Gabriel's Search for Self in The Dead
The study of Gabriel's character is probably one of the most important aims in James Joyce's The Dead1. What shall we think of him? Is the reader supposed to think little of Gabriel or should he/she even feel sorry for him? This insecurity already implies that the reader gets more and more aware that he/she develops ambivalent feeling towards Gabriel and that his character is presented from various perspectives. Gabriel's conduct appears to be split and seems to represent different red threads in The Dead; it leads the reader through the whole story. Those different aspects in his conduct, and also the way this multicoloured character is presented to the reader, strongly points at the assumption that he is wearing a kind of mask throughout the course of events. But at the very end, after the confession of his beloved wife, Gabriel's life is radically changed and, most importantly, his masks fall.
The scene with Lily (p.2009) in the very beginning of the story shows us already quite a lot about Gabriel: He appears good-humoured, talkative and behaves very kind to her. In this situation we find one of his many character traits: Gabriel is presented to us as a quite talkative, decent and cheerful 'small talk partner'. This aspect of his character, that accompanies us on many pages, is quite strong. Some scenes, three of them are mentioned here, can be uncovered as good examples of his kind way to spread a cheerful atmosphere: "He felt quite at ease now for he was an expert carver and liked nothing better than to find himself at the head of a well-laden table." (p.2020) This description of his attitude at the dinner table shows us very good that Gabriel is able to entertain people if necessary and to appear self-confidently and independently. Another even more obvious example is his well prepared speech about hospitality and friends after dinner which is rewarded with "a burst into applause and laughter..." (p.2025). The way the people in his social millieu like to listen to him, how he puts them at ease, how they reward his eloquence with smiles and applause, and also the smart appearance of Gabriel himself makes the reader assume that he is a very intelligent, elegant and self-confident person. A third example where we can see quite clearly how accepted and enjoyed Gabriel's presence is, is the scene where he tells the people, just before leaving, the story about Johnny. "... peals of laughter (which( followed Gabriel's imitation of the incident..." (p.2027) lead us to a similar characterization as in the examples above. But the point is that analysing only these small talk scenes in such an isolated way gives us a very narrow point of view. The assumption that our focused character is self-confident and unbound is thrown over-board as soon as we are concentrating on other aspects of his conduct.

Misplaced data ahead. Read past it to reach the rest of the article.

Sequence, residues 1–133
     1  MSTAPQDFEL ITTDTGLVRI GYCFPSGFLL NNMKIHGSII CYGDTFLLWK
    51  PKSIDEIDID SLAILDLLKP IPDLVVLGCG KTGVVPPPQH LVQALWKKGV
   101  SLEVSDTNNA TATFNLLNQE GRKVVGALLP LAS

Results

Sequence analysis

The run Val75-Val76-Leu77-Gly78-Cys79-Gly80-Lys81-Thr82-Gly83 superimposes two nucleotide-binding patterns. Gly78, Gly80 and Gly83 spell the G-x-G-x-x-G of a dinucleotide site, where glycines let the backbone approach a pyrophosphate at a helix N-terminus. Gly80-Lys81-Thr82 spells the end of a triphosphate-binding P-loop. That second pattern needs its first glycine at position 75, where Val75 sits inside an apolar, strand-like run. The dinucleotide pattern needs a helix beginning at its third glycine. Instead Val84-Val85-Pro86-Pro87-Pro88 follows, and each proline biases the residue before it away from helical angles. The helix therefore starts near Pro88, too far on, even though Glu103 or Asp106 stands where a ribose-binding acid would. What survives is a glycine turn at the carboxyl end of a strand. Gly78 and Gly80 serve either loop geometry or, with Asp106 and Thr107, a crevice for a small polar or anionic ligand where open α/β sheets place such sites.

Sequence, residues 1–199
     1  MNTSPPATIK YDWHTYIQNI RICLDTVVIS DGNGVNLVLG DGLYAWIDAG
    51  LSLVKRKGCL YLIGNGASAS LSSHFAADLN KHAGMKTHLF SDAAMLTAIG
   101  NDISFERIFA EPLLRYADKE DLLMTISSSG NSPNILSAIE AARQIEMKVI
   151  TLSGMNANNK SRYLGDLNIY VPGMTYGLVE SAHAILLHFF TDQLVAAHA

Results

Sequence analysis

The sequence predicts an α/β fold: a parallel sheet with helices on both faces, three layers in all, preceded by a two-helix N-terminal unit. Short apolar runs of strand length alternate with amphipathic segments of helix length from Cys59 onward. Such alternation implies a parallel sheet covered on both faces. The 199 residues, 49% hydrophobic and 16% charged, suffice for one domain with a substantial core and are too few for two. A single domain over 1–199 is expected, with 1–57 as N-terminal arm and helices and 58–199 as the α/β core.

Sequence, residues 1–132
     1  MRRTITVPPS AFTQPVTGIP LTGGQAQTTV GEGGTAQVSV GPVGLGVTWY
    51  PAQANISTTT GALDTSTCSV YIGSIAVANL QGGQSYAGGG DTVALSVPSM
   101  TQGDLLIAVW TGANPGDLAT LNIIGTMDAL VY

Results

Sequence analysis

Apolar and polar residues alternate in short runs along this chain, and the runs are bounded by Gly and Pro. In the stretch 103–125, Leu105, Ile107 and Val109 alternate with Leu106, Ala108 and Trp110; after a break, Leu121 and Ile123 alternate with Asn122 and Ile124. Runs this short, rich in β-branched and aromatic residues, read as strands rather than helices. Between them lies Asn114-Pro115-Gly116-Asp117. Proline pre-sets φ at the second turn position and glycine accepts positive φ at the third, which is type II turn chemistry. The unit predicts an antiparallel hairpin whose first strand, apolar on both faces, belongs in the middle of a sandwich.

James Joyce presents Gabriel to us, as already mentioned, from different...